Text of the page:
An earnest endeavor directed at cleaning up the Chicago River on Tuesday has leveraged efforts to carry out a full-fledged restoration project.

In the 1970s, there were only about three or four fish species living in the Chicago River. Today there are more than 70, said Marc Miller, director of the Department of Natural Resources, which harvests several types of fish for stocking.

To increase the population of catfish in Chicago-area waterways, as part of a $300,000 restoration program that shows this environmental advancement, about 30,000 channel catfishes were released into the Chicago and Little Calumet rivers by Friends of the Chicago River and the Illinois Department of Natural Resources. As far as numbers are concerned, 10,000 catfishes were released into the Chicago River from Lower Wacker Drive below the 333 W. Wacker building and 20,000 catfish into the Little Calumet River, which runs south of the city.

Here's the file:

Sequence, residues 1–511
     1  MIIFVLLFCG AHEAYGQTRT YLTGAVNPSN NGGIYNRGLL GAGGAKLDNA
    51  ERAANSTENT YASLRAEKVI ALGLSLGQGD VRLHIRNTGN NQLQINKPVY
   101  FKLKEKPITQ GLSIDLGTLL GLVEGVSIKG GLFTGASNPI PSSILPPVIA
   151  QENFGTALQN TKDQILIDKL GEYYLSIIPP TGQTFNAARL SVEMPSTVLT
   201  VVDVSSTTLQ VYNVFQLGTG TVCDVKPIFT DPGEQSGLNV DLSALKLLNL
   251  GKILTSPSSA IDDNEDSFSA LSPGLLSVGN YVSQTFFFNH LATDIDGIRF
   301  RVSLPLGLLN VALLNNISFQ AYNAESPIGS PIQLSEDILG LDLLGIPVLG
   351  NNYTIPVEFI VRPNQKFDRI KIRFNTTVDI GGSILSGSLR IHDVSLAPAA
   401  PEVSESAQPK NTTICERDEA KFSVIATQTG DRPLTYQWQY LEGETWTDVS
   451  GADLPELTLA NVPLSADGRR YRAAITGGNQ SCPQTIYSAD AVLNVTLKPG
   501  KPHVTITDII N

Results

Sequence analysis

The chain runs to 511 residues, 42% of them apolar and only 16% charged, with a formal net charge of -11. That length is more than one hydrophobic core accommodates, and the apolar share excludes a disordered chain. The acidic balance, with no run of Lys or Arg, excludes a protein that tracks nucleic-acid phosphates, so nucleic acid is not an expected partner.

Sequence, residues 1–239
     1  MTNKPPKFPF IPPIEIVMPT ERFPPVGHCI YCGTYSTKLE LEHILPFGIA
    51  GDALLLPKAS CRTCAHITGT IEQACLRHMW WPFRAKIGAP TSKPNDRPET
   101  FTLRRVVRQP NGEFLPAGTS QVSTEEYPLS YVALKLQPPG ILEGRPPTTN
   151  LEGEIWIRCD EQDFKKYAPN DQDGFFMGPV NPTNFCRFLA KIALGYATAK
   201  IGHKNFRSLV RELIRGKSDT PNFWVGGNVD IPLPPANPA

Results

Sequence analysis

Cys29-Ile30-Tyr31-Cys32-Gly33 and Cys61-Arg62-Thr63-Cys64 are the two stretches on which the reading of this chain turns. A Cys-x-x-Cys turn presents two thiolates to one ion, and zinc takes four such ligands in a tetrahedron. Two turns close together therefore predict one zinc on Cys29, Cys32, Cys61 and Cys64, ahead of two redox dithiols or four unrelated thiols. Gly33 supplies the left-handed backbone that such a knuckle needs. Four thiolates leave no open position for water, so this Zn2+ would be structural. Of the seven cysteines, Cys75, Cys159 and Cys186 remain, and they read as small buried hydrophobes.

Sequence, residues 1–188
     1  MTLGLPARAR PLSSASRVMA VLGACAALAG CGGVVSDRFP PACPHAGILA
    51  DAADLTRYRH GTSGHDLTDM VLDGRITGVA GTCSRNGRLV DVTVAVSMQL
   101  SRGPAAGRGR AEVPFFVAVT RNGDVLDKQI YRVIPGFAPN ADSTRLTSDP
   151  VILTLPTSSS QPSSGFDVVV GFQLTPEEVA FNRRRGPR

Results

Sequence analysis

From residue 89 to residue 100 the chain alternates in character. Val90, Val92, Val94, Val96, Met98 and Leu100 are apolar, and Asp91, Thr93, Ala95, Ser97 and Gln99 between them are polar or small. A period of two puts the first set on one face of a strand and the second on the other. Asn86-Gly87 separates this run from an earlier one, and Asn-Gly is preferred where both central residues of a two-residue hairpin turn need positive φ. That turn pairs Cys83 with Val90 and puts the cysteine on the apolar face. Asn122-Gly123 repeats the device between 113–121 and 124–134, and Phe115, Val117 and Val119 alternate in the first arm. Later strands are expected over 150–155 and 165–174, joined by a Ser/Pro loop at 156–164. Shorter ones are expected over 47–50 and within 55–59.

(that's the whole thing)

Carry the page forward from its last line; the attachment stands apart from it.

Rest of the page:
The project is paid for with a grant from the National Fish and Wildlife Foundation Chi-Cal Rivers Fund. Another batch of 20,000 catfish will be released this summer and a batch of 50,000 next summer.

The 5-inch long catfish released were about a year old and not quite ready to reproduce. To encourage reproduction, officials plan to create 400 nesting cavities in eight locations, three in the Little Calumet and five in the Chicago River later this summer,

Channel catfish have been chosen to initiate a project with as that is a fish that people have heard of—it is native to the region—and so would care about. These fish have not been abundant in the Chicago and Little Calumet rivers because of limited habitat and poor water quality, said Miller.

As the river repopulation project continues in full swing, Miller said he will consult with biologists of the Illinois Department of Natural Resources regarding the species needed. The department surveys fish populations about every five years and will be monitoring the catfish’s reproductive progress.

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